Loss of Function of the Cik1/Kar3 Motor Complex Results in Chromosomes with Syntelic Attachment That Are Sensed by the Tension Checkpoint

The University of North Carolina at Chapel Hill, United States of America
PLoS Genetics (Impact Factor: 7.53). 02/2012; 8(2):e1002492. DOI: 10.1371/journal.pgen.1002492
Source: PubMed


The attachment of sister kinetochores by microtubules emanating from opposite spindle poles establishes chromosome bipolar attachment, which generates tension on chromosomes and is essential for sister-chromatid segregation. Syntelic attachment occurs when both sister kinetochores are attached by microtubules from the same spindle pole and this attachment is unable to generate tension on chromosomes, but a reliable method to induce syntelic attachments is not available in budding yeast. The spindle checkpoint can sense the lack of tension on chromosomes as well as detached kinetochores to prevent anaphase onset. In budding yeast Saccharomyces cerevisiae, tension checkpoint proteins Aurora/Ipl1 kinase and centromere-localized Sgo1 are required to sense the absence of tension but are dispensable for the checkpoint response to detached kinetochores. We have found that the loss of function of a motor protein complex Cik1/Kar3 in budding yeast leads to syntelic attachments. Inactivation of either the spindle or tension checkpoint enables premature anaphase entry in cells with dysfunctional Cik1/Kar3, resulting in co-segregation of sister chromatids. Moreover, the abolished Kar3-kinetochore interaction in cik1 mutants suggests that the Cik1/Kar3 complex mediates chromosome movement along microtubules, which could facilitate bipolar attachment. Therefore, we can induce syntelic attachments in budding yeast by inactivating the Cik1/Kar3 complex, and this approach will be very useful to study the checkpoint response to syntelic attachments.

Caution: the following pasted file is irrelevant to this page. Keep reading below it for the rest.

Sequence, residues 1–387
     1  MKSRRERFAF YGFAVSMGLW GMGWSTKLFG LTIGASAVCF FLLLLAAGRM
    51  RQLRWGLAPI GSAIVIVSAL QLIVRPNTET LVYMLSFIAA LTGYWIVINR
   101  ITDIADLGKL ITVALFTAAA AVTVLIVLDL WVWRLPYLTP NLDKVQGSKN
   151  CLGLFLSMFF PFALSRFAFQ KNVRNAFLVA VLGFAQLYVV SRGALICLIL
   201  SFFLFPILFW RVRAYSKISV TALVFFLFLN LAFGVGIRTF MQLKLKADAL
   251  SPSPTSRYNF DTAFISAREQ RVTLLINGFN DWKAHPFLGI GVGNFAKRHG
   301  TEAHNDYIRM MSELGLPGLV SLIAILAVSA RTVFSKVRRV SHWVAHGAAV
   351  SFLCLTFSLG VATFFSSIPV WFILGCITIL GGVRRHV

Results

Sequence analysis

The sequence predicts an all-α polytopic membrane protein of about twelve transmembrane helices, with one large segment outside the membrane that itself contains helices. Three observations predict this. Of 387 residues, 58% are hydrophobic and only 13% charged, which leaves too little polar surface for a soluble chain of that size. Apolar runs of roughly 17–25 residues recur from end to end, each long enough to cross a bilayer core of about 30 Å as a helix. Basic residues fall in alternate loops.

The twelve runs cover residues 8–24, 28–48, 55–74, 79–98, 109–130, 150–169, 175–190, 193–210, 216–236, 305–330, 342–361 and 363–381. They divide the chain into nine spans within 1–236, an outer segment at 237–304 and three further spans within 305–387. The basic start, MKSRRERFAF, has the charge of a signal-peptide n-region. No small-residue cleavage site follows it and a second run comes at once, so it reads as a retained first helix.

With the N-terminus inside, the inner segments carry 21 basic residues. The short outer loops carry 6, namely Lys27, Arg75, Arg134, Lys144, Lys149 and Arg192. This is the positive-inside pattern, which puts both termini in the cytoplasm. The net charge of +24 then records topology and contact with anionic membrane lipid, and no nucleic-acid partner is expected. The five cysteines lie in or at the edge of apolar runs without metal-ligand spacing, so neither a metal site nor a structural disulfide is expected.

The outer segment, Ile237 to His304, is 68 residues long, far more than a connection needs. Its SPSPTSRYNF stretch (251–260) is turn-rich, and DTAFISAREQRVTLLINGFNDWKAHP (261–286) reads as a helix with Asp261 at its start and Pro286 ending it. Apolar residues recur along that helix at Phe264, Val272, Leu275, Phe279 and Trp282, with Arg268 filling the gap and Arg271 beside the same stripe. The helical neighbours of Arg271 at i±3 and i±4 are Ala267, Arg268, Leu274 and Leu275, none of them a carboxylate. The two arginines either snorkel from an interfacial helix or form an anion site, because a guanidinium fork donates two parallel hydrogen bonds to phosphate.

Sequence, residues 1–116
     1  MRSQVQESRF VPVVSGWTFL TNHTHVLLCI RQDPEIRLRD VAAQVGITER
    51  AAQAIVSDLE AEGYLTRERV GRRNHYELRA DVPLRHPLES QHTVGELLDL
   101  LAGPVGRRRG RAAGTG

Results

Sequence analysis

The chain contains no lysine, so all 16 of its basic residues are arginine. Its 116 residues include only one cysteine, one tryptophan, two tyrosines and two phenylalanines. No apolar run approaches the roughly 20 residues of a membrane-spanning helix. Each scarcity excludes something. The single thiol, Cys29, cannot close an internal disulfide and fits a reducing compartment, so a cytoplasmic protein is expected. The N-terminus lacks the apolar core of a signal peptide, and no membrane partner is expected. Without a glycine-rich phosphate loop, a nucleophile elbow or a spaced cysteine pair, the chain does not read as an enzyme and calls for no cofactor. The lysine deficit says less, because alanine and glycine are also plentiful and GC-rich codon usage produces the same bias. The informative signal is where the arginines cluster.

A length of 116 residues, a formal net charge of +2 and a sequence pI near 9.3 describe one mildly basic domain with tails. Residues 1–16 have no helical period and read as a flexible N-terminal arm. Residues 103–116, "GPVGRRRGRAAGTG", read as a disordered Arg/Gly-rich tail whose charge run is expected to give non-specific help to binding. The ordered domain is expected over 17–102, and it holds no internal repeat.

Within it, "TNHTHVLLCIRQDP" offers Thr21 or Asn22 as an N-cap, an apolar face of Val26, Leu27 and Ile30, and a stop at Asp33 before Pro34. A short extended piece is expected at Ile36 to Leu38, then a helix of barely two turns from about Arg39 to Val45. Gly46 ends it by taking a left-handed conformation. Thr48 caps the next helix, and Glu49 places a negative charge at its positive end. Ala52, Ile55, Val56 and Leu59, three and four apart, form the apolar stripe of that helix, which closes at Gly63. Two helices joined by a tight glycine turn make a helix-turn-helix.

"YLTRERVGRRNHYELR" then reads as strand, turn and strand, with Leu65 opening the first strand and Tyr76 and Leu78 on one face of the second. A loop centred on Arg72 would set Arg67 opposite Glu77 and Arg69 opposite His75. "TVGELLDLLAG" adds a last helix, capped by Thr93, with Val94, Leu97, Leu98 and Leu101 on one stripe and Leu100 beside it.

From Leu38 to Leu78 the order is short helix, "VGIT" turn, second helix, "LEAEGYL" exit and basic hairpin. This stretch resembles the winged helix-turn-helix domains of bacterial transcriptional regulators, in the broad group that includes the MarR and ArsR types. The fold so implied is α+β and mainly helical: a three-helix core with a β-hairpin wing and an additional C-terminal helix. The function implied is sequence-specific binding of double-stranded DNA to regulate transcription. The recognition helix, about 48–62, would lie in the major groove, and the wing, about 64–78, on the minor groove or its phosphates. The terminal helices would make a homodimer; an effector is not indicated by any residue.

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    • "The delay of chromosome bipolar attachment in slk19Δ cells could increase the chance of syntelic attachments, in which both sister kinetochores are connected to microtubules emanating from a single spindle pole. Sgo1 is a component of the tension checkpoint that senses syntelic attachment and delays anaphase onset (Indjeian et al., 2005; Jin et al., 2012). If syntelic attachments occur in slk19Δ cells after nocodazole treatment, these cells will show a Sgo1-dependent cell cycle delay. "
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